Developing a good thesis statement is the most important part of an essay. It presents your opinion or argument and lets the reader know what to expect from the paper.
Where do you start?
You have either been assigned a topic or have a topic of your own. A topic, however, is just the first part of coming up with a thesis statement. Let’s say your topic is texting and driving. The next step is coming up with a question about texting and driving around which you will form your opinion. You may want to brainstorm several questions until you have one you like.
Texting and Driving
Who is texting and driving?
Is it really that dangerous?
What kind of laws exist about texting and driving?
Why do people text and drive?
Let’s say you choose the second question and do some research. You find out that texting while driving is just as dangerous as driving while intoxicated.
Here is what the process of finding your thesis statement might look like:
Topic: Texting and driving
Question: Is it really that dangerous?
Answer: It is as dangerous as drinking and driving
My opinion: It should be treated the same as drinking and driving.
Working Thesis: Texting and driving is a dangerous combination and should have the same consequences as drinking and driving.
The thesis above is called a “Working Thesis” because it is likely to change as you go through the writing process. As you collect research and draft your paper, you are likely to come back and revise the thesis statement, but this is a great starting point!
What makes a good thesis statement?
1. It has a clearly defined argument
Poor: A controversial issue is whether elderly people should have driver’s licenses.
Poor: Some people think that elderly people should take a driver’s test in order to keep their driver’s licenses.
Poor: I want to give my opinion about elderly people and driver’s licenses and all the controversy surrounding this issue.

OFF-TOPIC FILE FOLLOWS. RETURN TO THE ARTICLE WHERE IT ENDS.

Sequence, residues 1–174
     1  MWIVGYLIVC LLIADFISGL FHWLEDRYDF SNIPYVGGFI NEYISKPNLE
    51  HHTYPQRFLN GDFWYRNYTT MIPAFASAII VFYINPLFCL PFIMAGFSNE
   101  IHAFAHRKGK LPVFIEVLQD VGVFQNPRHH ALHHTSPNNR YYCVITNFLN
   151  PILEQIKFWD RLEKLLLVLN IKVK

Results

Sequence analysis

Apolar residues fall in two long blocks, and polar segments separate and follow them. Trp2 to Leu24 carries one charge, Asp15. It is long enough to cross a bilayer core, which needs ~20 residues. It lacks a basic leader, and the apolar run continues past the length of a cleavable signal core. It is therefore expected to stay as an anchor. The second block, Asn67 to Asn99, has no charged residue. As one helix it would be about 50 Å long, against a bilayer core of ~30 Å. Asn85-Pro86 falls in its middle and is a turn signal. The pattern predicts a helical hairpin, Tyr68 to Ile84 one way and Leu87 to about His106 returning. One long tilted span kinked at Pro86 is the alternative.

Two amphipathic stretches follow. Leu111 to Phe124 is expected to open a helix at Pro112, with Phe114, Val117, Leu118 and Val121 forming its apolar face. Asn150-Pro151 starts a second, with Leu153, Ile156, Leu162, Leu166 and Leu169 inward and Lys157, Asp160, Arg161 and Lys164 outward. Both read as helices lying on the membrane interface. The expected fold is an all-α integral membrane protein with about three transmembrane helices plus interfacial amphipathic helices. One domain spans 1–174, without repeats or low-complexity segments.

Good: People over the age of 65 should be required to take a driver’s test every year to determine whether they are fit to hold a driver’s license.
2. It contains one main idea
Poor: Alcohol can impair people’s decision-making skills, sometimes leading to disastrous consequences, and it is also bad for your liver and other organs, so the drinking age should not be lowered.
Poor: Studies show that crime rates increase when alcohol is involved, so young people should not have access to alcohol, and also gun laws should be more restrictive.
Good: Since alcohol impairs decision-making skills, young people, whose brains are not yet fully formed, should not have access to it before they are 21 years old.
3. It uses specific terms
Poor: Diversity is good for our country.
Poor: The workplace should embrace diversity and value what people can learn from differences.
Good: Employers with a broad customer base should strive to employ people from a variety of ethnic backgrounds in order to understand and meet their customers’ needs.
4. It is interesting and engaging (avoids the “so-what” problem)
Poor: There are many similarities and differences between siblings.
Poor: Birth order can affect personality.
Good: First-born children display better leadership skills and have greater financial success than their siblings.
5. It can be supported by research
Poor: Media images are the reason girls develop eating disorders.
Poor: Any girl who has body issues will develop an eating disorder.
Good: Although researchers believe that the cause of eating disorders is complicated, media images of ultra-thin, perfect-looking women are one of the contributing factors.
– Make sure your thesis fits the scope of your paper. If you have two or three pages,
you’ll want a narrow topic that you can cover adequately.
– Do not start your thesis statement with “I believe….” or “In my opinion….”
– Do not “announce” your topic, for example, “In this paper I will be discussing….”
– Make sure your thesis is not just a statement of fact, for example, “An eating disorder is
a serious illness.”